In January 2007, Mrs B, a 33-year-old woman, was seen three weeks after the birth of her second child and was prescribed six months of the progesterone only pill (POP). She was breastfeeding at this stage. She had attended the surgery earlier that month with phlebitis but it was noted that the varicose veins were “clear” at the time of prescribing.
In July 2007 the practice nurse prescribed a further six months of the POP without face-to-face consultation, and a further one month’s supply was issued in December 2007. In January 2008 Mrs B presented with stress incontinence, for which a referral to urology was made. At this consultation it was noted that there were “no problems with the POP and the BP was normal”. Six months of the POP was issued.
In May 2008 Mrs B consulted about mild acne and asked if co-cyprindiol could be prescribed. The GP noted that Mrs B’s father had previously suffered a DVT and advised against it. In July 2008 the practice nurse supplied a further six months of the POP.
In October 2008 Mrs B presented to the practice with an unplanned pregnancy and she was referred to the antenatal clinic.
A review of the records revealed that Mrs B had been registered with the practice since 1999. She had been on the combined oral contraceptive (COCP) since 1992, which she had stopped in 2000 when she began trying for a family. At her new patient medical in 1999 it was noted that she was a non-smoker, and there was no family history of diabetes or heart disease.
The original consultation, when she was prescribed the POP, was in October 2003 after the birth of her first child. The notes read: “16 days post-natal. Wants contraception. Discussed and start Noriday.”
Over the next four years there were a dozen clinical encounters. Three of these were pill checks with the practice nurse. A typical entry read: “On Noriday. Happy with it. No missed pills, occasional headaches [BP normal].”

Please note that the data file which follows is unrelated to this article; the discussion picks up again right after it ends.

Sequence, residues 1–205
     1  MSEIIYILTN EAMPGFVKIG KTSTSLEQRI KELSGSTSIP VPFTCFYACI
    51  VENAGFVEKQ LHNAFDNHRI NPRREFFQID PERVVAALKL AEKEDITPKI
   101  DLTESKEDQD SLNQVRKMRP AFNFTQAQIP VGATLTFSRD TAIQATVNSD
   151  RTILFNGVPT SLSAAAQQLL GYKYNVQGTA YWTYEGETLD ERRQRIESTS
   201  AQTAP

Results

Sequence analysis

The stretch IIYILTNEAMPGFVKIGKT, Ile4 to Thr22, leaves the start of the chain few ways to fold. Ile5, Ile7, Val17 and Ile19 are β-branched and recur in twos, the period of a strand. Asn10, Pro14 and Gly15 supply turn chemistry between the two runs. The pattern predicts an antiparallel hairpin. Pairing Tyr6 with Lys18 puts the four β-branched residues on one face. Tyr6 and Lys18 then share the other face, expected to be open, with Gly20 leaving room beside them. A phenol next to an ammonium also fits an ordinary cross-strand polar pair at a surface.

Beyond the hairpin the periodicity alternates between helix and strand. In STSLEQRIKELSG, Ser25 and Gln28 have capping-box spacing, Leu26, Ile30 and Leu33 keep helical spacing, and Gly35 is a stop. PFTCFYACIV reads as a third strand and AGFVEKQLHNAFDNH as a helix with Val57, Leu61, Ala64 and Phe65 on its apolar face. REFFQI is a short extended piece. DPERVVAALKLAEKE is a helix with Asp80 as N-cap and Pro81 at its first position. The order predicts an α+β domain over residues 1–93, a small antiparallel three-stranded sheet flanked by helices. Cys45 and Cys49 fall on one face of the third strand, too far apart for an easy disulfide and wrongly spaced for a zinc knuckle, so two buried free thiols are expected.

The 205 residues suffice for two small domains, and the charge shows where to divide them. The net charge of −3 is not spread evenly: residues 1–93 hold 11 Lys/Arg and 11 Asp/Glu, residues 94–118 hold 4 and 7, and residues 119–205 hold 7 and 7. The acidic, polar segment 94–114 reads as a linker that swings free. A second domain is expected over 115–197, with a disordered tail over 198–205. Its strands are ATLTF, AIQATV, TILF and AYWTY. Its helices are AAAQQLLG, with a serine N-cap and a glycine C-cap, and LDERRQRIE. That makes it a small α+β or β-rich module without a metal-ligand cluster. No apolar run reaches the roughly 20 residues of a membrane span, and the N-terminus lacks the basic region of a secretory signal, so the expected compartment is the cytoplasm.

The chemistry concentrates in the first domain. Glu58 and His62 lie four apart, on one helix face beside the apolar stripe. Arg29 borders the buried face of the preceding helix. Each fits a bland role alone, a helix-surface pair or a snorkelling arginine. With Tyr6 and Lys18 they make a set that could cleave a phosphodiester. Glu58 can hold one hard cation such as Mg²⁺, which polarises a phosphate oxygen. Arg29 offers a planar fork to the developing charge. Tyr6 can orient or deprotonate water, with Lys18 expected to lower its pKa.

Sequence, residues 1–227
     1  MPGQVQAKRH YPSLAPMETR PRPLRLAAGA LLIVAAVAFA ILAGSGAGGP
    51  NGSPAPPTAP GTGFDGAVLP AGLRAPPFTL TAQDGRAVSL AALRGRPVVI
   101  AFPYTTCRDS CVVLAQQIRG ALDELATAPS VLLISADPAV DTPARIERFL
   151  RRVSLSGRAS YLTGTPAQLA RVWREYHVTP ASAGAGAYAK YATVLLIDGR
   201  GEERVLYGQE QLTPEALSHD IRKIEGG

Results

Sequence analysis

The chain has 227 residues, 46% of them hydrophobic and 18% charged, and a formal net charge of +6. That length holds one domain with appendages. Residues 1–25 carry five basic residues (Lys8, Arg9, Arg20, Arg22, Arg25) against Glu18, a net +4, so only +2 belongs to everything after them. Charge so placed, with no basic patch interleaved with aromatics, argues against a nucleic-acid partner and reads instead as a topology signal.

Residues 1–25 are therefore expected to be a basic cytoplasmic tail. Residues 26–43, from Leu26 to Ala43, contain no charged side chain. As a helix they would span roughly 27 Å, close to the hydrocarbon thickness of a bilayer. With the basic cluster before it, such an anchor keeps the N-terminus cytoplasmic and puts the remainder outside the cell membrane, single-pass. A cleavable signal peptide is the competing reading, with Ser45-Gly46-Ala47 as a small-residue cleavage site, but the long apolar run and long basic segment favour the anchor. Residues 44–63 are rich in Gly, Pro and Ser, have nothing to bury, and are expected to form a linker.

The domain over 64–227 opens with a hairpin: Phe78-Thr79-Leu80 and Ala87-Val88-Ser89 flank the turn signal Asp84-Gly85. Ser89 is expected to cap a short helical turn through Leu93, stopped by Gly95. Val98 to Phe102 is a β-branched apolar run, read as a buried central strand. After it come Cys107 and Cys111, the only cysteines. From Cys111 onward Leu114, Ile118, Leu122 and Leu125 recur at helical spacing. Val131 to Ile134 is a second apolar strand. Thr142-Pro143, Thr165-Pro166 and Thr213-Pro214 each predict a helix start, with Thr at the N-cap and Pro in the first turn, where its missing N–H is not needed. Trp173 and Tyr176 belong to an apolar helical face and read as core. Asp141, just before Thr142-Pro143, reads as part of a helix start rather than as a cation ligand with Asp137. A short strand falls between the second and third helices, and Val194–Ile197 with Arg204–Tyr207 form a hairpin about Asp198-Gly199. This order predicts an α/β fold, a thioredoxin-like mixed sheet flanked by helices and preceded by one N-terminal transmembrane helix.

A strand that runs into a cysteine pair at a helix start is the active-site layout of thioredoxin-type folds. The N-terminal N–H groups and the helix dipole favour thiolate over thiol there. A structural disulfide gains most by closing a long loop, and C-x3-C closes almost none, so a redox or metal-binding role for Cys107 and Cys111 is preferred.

There were also five occasions when the POP was issued without face-to-face consultations and four encounters for unrelated issues.
Mrs B’s legal team alleged that she should have been advised to change from a POP to a COCP when she finished breastfeeding her second child in 2007 and this would have helped to prevent her unwanted pregnancy in 2008.
Expert opinion was that when prescribing contraception there is a duty to discuss contraceptive choices with a patient – specifically about the pros and cons of a COCP and a POP in this case. The discussion should cover failure rates, the method of taking the pill, common side effects (including effects on menstruation) and the risk of thrombosis. This would allow the patient to reach an informed decision. The expert felt that part of this could have been achieved by advising the patient to read the product information in the packet insert.
In this case the expert felt that it was reasonable not to prescribe the COCP due to the family history of DVT (and also the relative contraindication of the varicose veins). A defence denying liability was served by MPS – three months later Mrs B discontinued her claim and MPS recovered all costs.
- It is striking that despite so many clinical encounters over many years and her own prolonged use, Mrs B still alleged that she was unaware of key issues with the POP and COCP, including the three-hour window in which to take the POP. It is a timely reminder that giving information is important, but checking that the patient has understood the information is vital. This forms the basis of valid consent to treatment. In this case it would have been all too easy to view the ‘pill check’ as a routine encounter, make assumptions and be less rigorous in documentation.
- A number of the prescriptions were issued by the practice nurse or as repeats by the administration team in the practice. When devolving responsibility it is important to ensure that there is a clear practice policy on what is expected of staff and that this protocol is thought through, written down and being adhered to.